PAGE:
And neverthelesshe my right good and lovyng yong men Scipion and Lelius an auncyent senatour purposid an oracion that a philosopher callid Archites made whiche was takyn of Haniballe duc of Cartage when he werrid in Ytaile. He was recoverde by Quintus Fabius the noble senatour when he recoverd Tarente, takyn by the said Haniballe. Archites was pryncypally a grete man connyngly lernyd in sciences and in vertues and was right famous and noble. This oracion purposid which Archites made was yeven to me when I adolescent and yong of age was at Tarente with the seid Fabius, and by this oracyon seid Archites that nature which ordeyned to men complexions gave nevir no pestelence peyne nor turment more damageable to yong men than is flesshely delectacyon. The coveitous playsirs of delectacyon moven tyce and steeren men over boldely and withoute bridell of reason or shame or any restraynt to execute and make an ende of their foule lustys. For thought delectacy∣ons ben made and conspired treasons divisions and dissencyons of countrees & the destruccions of their comon profite, and the secretes of parlementys disclosed to our ennemyes and adversarye partye there is noon untrou∣the there is noon evyll werke but pleasyre of delectacyon which shall constrayne men to encline therto, by cause that they enioyen owt of mesure of spousehode brekyng & that so fervently the cause of defoulyng of maydens virgins the anontry of weddyd women & all such corrupte untrew werkys, whiche ben nevir mevid nor undirtakyn but by the insolence & wantownes & wenlacys of flesshely delectacyon. Archites also saide that as nature by power of which god hath yeven to men noth̄yng bettir than is the soule by the which they have undirstondyng & mynde, also to that soule which is an office & a gift dyvine nothyng is so grete ennemye nor so contrary as ben flesshely delectacyons, for sith delectacyon & flesshely pleasir have dominacyon in the regyon of man. That is to witt in the courage of his body, the vertue of attemperance may not be lodgid therin & wthin the regyon of man which is yeven to delectacyon may not abyde any wisedome nor vertue.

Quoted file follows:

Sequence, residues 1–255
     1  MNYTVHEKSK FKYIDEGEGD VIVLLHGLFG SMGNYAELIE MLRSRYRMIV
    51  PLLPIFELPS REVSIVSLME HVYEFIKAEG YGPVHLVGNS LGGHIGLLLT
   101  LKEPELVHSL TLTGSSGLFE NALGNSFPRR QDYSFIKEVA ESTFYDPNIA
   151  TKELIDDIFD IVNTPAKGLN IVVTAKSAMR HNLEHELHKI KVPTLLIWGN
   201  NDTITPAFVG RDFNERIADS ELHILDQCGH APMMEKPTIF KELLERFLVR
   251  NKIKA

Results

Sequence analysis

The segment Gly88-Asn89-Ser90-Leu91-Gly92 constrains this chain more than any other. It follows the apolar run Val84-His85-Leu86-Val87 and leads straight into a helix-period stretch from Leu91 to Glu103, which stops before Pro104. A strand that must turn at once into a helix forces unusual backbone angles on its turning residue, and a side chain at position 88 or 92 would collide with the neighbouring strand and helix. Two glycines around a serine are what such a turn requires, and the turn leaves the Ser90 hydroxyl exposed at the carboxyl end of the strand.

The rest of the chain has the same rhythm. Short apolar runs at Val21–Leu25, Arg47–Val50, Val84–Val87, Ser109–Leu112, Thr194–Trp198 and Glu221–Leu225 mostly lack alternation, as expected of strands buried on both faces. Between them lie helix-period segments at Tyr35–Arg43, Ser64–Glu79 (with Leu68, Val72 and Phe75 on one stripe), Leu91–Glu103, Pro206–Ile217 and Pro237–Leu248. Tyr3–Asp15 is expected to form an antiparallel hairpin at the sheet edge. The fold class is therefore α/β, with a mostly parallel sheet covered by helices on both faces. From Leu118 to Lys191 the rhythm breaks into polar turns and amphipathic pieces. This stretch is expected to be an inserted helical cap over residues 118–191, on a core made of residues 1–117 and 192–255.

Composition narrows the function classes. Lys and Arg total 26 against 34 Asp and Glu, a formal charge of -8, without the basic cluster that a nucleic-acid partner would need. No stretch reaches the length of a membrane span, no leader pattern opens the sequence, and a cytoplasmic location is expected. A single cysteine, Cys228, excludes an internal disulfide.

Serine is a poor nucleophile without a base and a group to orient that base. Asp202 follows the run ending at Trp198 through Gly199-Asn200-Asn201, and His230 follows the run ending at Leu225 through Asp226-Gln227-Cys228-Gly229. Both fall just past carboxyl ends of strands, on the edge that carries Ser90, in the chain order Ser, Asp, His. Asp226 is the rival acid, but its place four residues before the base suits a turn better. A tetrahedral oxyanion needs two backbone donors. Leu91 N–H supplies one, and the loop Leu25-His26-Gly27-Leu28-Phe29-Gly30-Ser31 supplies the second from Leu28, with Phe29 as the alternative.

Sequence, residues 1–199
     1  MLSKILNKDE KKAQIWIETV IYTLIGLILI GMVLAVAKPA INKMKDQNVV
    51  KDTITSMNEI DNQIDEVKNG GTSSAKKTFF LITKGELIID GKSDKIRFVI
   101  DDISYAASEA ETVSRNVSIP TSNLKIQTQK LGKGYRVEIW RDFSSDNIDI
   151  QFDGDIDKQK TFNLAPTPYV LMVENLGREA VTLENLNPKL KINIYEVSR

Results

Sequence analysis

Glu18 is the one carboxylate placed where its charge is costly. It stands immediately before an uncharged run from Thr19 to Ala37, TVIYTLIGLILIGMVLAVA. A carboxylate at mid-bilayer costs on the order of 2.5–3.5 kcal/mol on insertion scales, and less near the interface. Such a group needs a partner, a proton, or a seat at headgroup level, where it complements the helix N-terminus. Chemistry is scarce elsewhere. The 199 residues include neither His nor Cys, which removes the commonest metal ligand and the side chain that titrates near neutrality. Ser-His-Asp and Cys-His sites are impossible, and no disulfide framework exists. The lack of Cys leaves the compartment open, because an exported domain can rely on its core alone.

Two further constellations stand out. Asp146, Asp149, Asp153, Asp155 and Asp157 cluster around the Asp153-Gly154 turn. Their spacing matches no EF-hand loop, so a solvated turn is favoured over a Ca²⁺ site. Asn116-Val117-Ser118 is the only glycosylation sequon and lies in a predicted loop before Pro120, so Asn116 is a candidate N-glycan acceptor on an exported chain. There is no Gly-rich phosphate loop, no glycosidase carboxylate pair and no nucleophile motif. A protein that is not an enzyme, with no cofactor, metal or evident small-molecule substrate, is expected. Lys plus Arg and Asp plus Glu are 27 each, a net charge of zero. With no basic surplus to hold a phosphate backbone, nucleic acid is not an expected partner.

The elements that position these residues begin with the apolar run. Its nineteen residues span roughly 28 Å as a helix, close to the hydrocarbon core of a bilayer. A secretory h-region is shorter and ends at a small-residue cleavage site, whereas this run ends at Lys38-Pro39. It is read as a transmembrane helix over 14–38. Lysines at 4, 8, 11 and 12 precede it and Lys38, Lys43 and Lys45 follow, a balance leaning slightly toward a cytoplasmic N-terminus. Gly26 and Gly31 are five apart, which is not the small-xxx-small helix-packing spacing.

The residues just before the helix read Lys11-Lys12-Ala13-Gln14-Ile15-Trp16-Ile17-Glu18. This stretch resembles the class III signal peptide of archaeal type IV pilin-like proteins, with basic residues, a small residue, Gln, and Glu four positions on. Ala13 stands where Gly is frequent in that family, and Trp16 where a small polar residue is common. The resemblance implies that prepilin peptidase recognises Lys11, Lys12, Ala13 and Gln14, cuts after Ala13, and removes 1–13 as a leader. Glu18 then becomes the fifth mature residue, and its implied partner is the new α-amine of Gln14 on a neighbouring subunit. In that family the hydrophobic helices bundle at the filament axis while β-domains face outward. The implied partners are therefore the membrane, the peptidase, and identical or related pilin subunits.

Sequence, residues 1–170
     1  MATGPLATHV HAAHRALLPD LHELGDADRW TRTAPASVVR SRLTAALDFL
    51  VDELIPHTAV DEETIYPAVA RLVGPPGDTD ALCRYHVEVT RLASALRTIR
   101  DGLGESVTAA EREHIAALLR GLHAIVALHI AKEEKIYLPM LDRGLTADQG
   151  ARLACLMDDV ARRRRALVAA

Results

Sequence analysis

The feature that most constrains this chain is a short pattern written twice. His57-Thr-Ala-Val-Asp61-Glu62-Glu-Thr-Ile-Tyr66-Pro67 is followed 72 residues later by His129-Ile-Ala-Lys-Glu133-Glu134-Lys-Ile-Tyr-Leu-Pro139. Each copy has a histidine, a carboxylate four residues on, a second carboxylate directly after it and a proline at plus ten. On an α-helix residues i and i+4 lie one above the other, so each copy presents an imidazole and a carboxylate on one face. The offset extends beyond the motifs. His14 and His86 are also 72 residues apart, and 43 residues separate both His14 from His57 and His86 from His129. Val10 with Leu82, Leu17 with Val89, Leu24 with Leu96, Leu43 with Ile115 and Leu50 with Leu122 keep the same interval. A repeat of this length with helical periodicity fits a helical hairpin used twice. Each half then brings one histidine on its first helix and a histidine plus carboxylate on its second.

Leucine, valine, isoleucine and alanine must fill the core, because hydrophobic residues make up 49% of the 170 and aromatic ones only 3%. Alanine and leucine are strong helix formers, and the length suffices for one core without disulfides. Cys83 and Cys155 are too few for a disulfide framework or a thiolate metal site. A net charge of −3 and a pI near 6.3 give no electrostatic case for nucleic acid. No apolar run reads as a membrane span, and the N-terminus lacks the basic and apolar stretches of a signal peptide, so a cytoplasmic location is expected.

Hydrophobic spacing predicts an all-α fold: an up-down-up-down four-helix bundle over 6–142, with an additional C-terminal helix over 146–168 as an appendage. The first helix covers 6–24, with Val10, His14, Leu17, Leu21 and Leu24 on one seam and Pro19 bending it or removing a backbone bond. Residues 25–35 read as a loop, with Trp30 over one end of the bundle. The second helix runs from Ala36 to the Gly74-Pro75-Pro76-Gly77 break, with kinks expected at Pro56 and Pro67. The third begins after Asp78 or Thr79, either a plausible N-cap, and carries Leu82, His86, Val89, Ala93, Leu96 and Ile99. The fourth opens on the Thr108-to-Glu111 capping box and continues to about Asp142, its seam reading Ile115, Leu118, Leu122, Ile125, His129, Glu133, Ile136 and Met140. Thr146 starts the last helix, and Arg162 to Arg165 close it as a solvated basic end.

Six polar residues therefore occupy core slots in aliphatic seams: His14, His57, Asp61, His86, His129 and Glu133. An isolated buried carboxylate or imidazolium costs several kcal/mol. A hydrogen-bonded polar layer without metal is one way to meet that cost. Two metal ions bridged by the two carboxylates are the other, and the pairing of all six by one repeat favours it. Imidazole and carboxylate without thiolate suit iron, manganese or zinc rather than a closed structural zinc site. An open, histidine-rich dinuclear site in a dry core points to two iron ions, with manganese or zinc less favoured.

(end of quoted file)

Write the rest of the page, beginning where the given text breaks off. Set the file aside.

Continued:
[tr. Worcester/Worcester/Scrope (1481)]